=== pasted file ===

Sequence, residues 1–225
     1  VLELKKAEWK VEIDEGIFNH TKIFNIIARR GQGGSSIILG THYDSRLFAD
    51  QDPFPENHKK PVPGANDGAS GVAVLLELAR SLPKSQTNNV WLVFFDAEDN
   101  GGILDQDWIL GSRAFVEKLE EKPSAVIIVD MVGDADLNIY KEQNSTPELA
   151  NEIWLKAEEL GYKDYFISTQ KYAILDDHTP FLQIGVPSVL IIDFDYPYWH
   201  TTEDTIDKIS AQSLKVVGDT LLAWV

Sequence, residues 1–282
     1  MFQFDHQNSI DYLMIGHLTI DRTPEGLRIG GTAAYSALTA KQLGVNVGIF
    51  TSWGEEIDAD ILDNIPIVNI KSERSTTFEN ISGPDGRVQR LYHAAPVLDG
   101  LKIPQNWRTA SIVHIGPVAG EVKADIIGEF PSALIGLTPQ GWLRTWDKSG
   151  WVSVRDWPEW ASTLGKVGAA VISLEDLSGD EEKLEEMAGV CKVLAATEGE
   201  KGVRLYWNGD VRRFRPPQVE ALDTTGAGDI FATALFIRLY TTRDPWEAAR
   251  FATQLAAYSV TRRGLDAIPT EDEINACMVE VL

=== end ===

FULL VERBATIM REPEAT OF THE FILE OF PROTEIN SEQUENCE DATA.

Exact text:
Sequence, residues 1–225
     1  VLELKKAEWK VEIDEGIFNH TKIFNIIARR GQGGSSIILG THYDSRLFAD
    51  QDPFPENHKK PVPGANDGAS GVAVLLELAR SLPKSQTNNV WLVFFDAEDN
   101  GGILDQDWIL GSRAFVEKLE EKPSAVIIVD MVGDADLNIY KEQNSTPELA
   151  NEIWLKAEEL GYKDYFISTQ KYAILDDHTP FLQIGVPSVL IIDFDYPYWH
   201  TTEDTIDKIS AQSLKVVGDT LLAWV

Sequence, residues 1–282
     1  MFQFDHQNSI DYLMIGHLTI DRTPEGLRIG GTAAYSALTA KQLGVNVGIF
    51  TSWGEEIDAD ILDNIPIVNI KSERSTTFEN ISGPDGRVQR LYHAAPVLDG
   101  LKIPQNWRTA SIVHIGPVAG EVKADIIGEF PSALIGLTPQ GWLRTWDKSG
   151  WVSVRDWPEW ASTLGKVGAA VISLEDLSGD EEKLEEMAGV CKVLAATEGE
   201  KGVRLYWNGD VRRFRPPQVE ALDTTGAGDI FATALFIRLY TTRDPWEAAR
   251  FATQLAAYSV TRRGLDAIPT EDEINACMVE VL